Topic • Avoid Logical

Topic • Avoid Logical

 Writing work 3—Connecting through Classical Argument Argument: What Is It? In its most basic form, an argument can be broken down into two components: • A claim (a statement that requires evidence) • Support (evidence that supports the claim) For this work, however, you will be writing a classical argument. A classical argument takes this simple definition of argument and expands upon it, breaking it into more specific and defined components. Argument: The Classical Pattern The classical pattern of argument – the type of argument you will write – is divided into the following components: 1. Introduction 2. Narration 3. Partition 4. Argument 5. Refutation 6. Conclusion Argument: The Introduction In your introduction, you lead your audience to the topic in a clear, natural manner. In other words, you don’t want to throw your audience into the middle of your argument without introducing the subject matter. There are several ways to accomplish this goal: • Cite a surprising statistic that makes the audience realize the significance of your topic • Recount a recent news event related to your topic • Tell a hypothetical story related to your topic • Relate the experience of somebody connected to your topic Argument: The Narration In the narration of your argument, you will give your audience enough information to both understand your argument and realize its significance. Typically, you need to achieve the following: • Connect your topic to your audience • Make your audience understand how your topic affects them • Provide context – social, cultural, legal, historical – so that your audience sees the overall situation surrounding your topic • Explain your topic – and any related terms/concepts – in a manner that your audience can understand Argument: The Partition Your partition is your thesis, which should be a claim. Crafting an effective claim is the most important part of writing this work, for it is the foundation of the entire work. Indeed, without a claim, you have no argument. Your claim should meet several criteria: • It must be arguable. If everyone agrees with your thesis, you have a statement of fact – not a claim. The proper response to your thesis should not be “Okay,” but “Oh really? Show me!” • It must be defendable. While your claim must be arguable, it should not be so outlandish that it is impossible to defend. If you find that it is, stop and revise. • It should be clear and specific. Your audience needs to know the direction of your argument. Argument: The Argument This part of your argument is the heart of the work Here you will make the case for your thesis, remaining objective and using sound logic along the way. In your argument, remember to: • Thoroughly support all aspects of your thesis with evidence • Build your argument upon logos, avoiding any manipulative appeals to emotion • Use pathos judiciously and cautiously, reserving it to put a human face on your topic • Avoid logical fallacies Argument: The Refutation An argument is not complete until it acknowledges and refutes opposing viewpoints. Showing your audience that you are fair and open-minded, the refutation is as important as your argument. In your refutation, you should: • Acknowledge and summarize opposing viewpoints; then • Show why these opposing viewpoints are not valid; or • If you have to concede a point, show why — overall – your viewpoint is still preferable • Remain objective and fair Argument: The Conclusion is a crucial part of your argument, reiterating your claim, reminding your audience of your main points, and often encouraging the audience to take action. Do not skimp on your conclusion simply because it is the only thing between you and being finished. Instead: • Bolster your argument by reiterating your claim • Provide a synopsis of the main points of your argument • End with a call to action, encouraging your audience to take action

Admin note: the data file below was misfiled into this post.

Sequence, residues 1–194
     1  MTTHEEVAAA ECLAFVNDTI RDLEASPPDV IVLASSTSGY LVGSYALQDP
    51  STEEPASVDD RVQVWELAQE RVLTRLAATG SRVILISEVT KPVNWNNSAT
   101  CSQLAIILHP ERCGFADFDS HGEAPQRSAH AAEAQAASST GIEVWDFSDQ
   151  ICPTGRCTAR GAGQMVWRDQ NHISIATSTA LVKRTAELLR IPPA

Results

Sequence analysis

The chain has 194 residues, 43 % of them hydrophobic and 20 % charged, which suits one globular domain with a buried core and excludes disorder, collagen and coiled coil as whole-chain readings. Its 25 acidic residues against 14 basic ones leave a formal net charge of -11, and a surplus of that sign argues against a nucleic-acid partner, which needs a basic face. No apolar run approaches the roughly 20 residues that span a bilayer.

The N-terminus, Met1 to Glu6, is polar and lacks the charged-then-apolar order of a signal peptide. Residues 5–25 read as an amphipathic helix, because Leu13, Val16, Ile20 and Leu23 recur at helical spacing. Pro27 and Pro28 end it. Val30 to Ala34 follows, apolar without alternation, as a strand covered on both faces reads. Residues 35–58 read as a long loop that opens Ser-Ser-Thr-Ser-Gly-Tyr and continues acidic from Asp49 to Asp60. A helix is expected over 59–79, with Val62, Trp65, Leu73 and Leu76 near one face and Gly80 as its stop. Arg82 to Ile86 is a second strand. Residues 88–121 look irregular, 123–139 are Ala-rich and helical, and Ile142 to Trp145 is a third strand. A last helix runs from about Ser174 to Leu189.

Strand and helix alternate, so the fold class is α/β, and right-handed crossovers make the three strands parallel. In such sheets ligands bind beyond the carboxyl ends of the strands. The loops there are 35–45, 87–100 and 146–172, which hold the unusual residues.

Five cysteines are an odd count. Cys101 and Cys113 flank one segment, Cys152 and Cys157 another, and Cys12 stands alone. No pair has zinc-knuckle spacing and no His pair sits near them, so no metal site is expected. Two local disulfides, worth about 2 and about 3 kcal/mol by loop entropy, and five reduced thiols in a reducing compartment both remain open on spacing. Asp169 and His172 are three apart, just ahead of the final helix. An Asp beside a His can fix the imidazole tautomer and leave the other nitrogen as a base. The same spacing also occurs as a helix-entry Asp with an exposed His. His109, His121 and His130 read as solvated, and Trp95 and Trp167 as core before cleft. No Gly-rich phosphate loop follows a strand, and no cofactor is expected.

Use the above information and write a classical argumentative work of 3 pages in MLA format I need it in 6 hours’ time


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